Tesonet operates NordVPN and has strict business relations with ProtonVPN; Tesonet also signs the ProtonVPN Android application certificate. Tesonet core business includes data mining according to their web site.

 

Kind regards

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You believe in fairy tales

No, but thx for asking!

NordVPN is heavily marketed, go to https://yts.am

and see for yourself or on Google(Only PIA, ExpressVPN, Tunnelbear etc are being promoted)

AirVPN does not do this kind of marketing(or I have not seen it-there was a mentioning by some Douglas guy that posted a review on AirVPN). Suprise, Suprise it's not there anymore.(WOW)

Torrentfreak https://torrentfreak.com/anonymous-vpn-service-provider-review-2015-150228/

where initially AirVPN was kept off the list, but later they chose to mention it.

Regards,

Flx

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I have paid to nordvpn, I have another ip address what more do you want?

 

You aren't serious, are you? Choosing a VPN provider is about trust, isn't it? Anyway, a few years back I had a subscription with them - I fell into the trap so to speak. Can't comment on honeypotwarning's allegations but besides very unreliable speeds of many servers I found their business practices very shady. I had chosen the recurring payment option with Paypal (since there was no option for single payment) - but when I wanted to cancel my subscription I couldn't find any option/information on where and how to do that. Actually got into contact with their support via email and they told me to just cancel via Paypal (would have done that anyway). Not sure if that's still the case, but not offering a straightforward way to cancel a subscription is a big no-go for me.

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And what is source? I love nordvpn just like airvpn and winscribe

 

You believe in fairy tales

 

No fairy tales. Just facts. NordVPN openly admits tesonet helps them with payment processing.

 

CloudVPN INC handles all NordVPN payments and is registered in the US:

 

https://ibb.co/cKchDo

 

They registered in the US to get cheap cc processing fees. Notice on the link who the president is.

 

Maybe you are unaware but NordVPN was born in Lithuania and never left:

https://web.archive.org/web/20121202094755/http://www.nordvpn.com:80/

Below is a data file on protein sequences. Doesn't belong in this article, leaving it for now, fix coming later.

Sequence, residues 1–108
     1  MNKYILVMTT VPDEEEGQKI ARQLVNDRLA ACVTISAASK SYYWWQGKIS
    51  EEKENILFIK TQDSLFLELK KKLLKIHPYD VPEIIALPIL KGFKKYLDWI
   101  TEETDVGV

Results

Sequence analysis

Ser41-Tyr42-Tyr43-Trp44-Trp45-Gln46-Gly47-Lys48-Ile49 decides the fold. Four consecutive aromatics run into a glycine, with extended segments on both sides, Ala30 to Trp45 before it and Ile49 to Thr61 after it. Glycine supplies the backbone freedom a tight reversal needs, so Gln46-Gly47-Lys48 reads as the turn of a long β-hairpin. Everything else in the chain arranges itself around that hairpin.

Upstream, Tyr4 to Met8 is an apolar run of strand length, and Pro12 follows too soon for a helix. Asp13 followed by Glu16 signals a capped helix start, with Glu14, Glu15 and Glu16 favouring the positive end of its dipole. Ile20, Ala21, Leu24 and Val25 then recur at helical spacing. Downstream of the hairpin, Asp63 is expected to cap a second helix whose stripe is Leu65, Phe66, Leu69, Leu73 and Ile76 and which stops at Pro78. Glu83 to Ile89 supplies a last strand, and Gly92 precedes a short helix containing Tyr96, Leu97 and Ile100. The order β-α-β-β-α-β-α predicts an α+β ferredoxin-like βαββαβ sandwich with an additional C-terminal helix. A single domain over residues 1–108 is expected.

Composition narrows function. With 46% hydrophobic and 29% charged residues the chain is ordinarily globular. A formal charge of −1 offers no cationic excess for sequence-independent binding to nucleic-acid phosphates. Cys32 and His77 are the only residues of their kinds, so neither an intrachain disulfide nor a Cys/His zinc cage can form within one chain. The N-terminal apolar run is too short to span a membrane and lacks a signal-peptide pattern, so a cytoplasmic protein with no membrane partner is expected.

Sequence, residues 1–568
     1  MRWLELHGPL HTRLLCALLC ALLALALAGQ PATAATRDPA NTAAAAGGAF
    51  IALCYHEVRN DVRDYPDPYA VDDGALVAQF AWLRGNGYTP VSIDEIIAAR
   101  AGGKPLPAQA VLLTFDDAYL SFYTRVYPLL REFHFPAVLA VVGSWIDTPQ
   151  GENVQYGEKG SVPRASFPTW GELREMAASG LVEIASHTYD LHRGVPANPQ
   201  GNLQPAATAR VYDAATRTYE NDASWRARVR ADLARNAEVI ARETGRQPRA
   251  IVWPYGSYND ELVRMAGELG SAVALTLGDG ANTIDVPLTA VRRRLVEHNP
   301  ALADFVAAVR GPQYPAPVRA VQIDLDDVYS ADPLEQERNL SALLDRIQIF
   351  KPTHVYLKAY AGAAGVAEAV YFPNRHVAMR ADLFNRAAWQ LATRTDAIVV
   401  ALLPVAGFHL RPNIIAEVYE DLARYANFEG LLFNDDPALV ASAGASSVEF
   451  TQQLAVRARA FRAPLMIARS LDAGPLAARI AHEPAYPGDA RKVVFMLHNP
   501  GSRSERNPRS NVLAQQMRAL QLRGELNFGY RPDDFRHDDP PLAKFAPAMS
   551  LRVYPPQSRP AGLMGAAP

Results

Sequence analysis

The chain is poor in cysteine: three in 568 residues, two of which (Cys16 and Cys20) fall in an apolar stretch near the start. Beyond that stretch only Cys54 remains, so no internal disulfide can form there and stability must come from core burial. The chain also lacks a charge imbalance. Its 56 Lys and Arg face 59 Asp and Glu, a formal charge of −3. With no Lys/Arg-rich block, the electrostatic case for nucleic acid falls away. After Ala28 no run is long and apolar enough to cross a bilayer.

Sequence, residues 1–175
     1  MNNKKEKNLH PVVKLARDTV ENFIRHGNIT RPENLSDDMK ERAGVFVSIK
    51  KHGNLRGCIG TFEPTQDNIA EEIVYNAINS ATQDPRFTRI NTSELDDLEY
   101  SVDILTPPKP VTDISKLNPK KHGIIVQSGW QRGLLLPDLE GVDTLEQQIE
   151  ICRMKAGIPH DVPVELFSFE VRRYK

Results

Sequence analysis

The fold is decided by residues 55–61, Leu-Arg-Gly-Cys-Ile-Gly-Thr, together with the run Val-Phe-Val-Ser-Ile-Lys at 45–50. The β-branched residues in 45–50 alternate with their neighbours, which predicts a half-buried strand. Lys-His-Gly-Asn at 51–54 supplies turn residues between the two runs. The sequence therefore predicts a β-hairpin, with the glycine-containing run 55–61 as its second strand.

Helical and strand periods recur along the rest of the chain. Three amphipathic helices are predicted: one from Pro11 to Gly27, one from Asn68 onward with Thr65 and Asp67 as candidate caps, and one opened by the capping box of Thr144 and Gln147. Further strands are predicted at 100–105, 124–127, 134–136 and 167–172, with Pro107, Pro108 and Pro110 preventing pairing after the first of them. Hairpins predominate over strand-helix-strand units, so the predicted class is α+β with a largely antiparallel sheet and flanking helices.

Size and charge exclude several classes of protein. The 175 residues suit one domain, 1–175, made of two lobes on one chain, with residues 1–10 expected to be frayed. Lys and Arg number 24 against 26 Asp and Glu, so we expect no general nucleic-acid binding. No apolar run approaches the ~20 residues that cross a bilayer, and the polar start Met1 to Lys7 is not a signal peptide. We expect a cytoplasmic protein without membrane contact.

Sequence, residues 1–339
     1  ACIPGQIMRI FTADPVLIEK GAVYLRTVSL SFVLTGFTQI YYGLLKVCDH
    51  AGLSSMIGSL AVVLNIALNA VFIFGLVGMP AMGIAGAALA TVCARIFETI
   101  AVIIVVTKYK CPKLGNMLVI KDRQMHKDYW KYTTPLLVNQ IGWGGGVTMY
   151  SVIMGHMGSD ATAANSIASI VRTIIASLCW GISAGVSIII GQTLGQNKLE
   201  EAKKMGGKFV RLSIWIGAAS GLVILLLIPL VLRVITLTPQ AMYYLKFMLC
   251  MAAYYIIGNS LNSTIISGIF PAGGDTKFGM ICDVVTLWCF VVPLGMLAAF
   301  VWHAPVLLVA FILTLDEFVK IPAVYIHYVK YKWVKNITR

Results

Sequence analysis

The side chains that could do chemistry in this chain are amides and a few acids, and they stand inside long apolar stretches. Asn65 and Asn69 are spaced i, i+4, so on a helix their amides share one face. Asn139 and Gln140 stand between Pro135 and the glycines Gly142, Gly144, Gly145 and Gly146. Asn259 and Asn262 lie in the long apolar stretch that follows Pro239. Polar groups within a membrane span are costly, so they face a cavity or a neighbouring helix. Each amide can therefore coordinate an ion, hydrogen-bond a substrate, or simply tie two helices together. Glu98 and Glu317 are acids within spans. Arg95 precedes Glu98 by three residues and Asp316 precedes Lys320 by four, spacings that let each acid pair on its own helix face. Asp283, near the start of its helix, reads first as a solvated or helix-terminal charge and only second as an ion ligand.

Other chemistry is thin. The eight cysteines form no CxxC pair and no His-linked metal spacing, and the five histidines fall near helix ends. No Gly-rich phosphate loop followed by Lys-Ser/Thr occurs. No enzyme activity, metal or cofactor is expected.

(Notice the only two translations available)

 

Yes, Tesonet owns or operates thousands of companies and some of these are involved in big data collection and mining.

 

The problem here is not entirely Tesonet. The problem is NordVPN is being dishonest and making an effort to hide something. 

 

Have you heard of MONKEYROCKET? If not, you should look into it. 

 

If you don't know exactly who is behind your VPN you should assume the worst.

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Well it's a common practice for global companies to have payment processors based in other countries and companies, to handle payments for them because of better acceptance rates. But it doesn't mean that the payment processors own these global businesses or have access to user data, other than was is needed for payment processing of course. Nord does not log user data and these accusations of data mining through Nord services can be easily verified. Anyone can use tools like Wireshark or Glasswire to sniff their own traffic and check which requests are routed where. 

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I'm using NordVPN, and while all seems OK - I am very skeptical. It sucks that we don't have any trustworthy independent review groups for VPNs - just like we have source code reviewers that submit security reviews. For example, someone needs to subpoena NordVPN just to check if they're actually deleting logs, as they say. What has made me skeptical of NordVPN is how many damn ads I see for them everywhere. I'm already a paying customer and I see: Google ads, Youtube ads, Reddit ads, and have had some other strange experiences. If NordVPN really wants to grow bigger, then what they should do is pay for an independent organization to review them - instead of paying so many Youtubers to shill for them!